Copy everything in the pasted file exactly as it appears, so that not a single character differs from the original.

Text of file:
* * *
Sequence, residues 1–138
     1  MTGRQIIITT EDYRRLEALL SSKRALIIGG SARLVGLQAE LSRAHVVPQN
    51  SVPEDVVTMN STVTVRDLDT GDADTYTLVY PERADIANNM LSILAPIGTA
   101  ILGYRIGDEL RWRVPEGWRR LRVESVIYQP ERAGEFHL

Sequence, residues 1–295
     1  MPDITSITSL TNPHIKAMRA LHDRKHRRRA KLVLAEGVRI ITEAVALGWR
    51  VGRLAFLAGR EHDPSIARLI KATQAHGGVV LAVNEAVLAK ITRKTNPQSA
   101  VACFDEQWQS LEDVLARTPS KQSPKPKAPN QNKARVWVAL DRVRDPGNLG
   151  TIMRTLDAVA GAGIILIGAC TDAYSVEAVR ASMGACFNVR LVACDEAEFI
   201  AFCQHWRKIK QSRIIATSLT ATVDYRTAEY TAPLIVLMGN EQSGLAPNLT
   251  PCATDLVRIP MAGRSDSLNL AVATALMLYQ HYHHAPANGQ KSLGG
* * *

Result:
Sequence, residues 1–138
     1  MTGRQIIITT EDYRRLEALL SSKRALIIGG SARLVGLQAE LSRAHVVPQN
    51  SVPEDVVTMN STVTVRDLDT GDADTYTLVY PERADIANNM LSILAPIGTA
   101  ILGYRIGDEL RWRVPEGWRR LRVESVIYQP ERAGEFHL

Sequence, residues 1–295
     1  MPDITSITSL TNPHIKAMRA LHDRKHRRRA KLVLAEGVRI ITEAVALGWR
    51  VGRLAFLAGR EHDPSIARLI KATQAHGGVV LAVNEAVLAK ITRKTNPQSA
   101  VACFDEQWQS LEDVLARTPS KQSPKPKAPN QNKARVWVAL DRVRDPGNLG
   151  TIMRTLDAVA GAGIILIGAC TDAYSVEAVR ASMGACFNVR LVACDEAEFI
   201  AFCQHWRKIK QSRIIATSLT ATVDYRTAEY TAPLIVLMGN EQSGLAPNLT
   251  PCATDLVRIP MAGRSDSLNL AVATALMLYQ HYHHAPANGQ KSLGG